* Roberts, John. "The Barrel Blog." The Barrel Blog. Platts a Division of The McGraw-Hill Companies, 27 Nov. 2012.

Steve Pao, Vice President of Product Management at Barracuda Networks, predicts:

Virtualization will continue to change how we think about networking. The changes brought on by virtualization that have already affected compute and storage will continue to move to the network. While the term “software defined networking” has become a buzzword of sorts, we are seeing many practical implications, including localizing security close the resources being protected. For example, over half of our SSL VPN unit volume is sold as virtual appliance today. In fact, we have virtualized most of our network-facing product line, including our next generation firewalls, Web application firewalls, server load balancers, spam filters and Web filters.

Growth in data will continue to change how we think about retention. In our personal lives, data growth has forced hard disks and the cloud to obsolete the old floppy disks, ZIP drives and CD-ROMs. Similarly, in our corporate similar trends are forcing obsolescence of tape backup and the transport of those tapes offsite. At Barracuda, our fastest growing product line has been Barracuda Backup combining disk-based backup featuring data deduplication with offsite replication to the cloud. We see this trend continuing.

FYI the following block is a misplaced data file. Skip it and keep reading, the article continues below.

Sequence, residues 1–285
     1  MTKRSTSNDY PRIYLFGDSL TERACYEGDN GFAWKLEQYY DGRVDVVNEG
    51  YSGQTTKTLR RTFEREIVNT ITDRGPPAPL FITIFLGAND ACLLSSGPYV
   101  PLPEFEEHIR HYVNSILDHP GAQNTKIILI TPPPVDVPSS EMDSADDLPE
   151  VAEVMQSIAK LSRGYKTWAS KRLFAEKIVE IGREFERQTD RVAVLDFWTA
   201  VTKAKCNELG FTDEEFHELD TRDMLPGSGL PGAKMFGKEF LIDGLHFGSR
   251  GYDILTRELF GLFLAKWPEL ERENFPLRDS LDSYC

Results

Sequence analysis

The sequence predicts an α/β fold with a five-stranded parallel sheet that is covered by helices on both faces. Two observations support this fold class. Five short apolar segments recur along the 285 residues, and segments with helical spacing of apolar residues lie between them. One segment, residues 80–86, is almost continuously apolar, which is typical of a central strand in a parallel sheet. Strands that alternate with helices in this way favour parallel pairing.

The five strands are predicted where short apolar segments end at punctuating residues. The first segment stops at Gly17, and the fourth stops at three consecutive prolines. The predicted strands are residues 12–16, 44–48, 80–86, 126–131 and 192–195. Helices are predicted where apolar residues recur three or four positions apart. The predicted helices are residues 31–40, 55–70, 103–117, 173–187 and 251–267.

The next generation firewall will become mainstream. At the enterprise level, many vendors (including Barracuda) have been evangelizing for next generation firewalls that can monitor and control policy across both users and real applications. This technology is will trickle down to midmarket buyers in 2012 and replace the heritage Unified Threat Management (UTM) products that simply combined disparate functions into a single box. Watch this space for more from us, too.

Businesses will have to get smart about social media usage in the workplace. A Barracuda Labs survey revealed that while 86% of respondents felt that employee behavior on social networks can impact company security, 75% of those respondents’ workplaces allowed Twitter usage and 69% of the respondents’ workplaces allowed Facebook usage. In 2013, Web security should continue its growth and many businesses will start to leverage social media archiving technologies as part of their e-Discovery and compliance initiatives.

Android and iOS will continue to impact business applications. Most of our customers appreciate that mobility and BYOD extend both the hours and productivity of their workforces with relatively little expense. However, taking advantage of mobile platforms requires the ability to access corporate networks, access stored data and browse the Internet safely. We, like other vendors, have mobility initiatives across our security and data protection product lines.

Cloud. Beyond the cloud hype, organizations will get very practical about how to use the cloud. 2013 will be the era of cloud systems management, extending the elastic compute cloud to security and enabling the efficient use of cloud applications (e.g., salesforce.com) from within very busy networks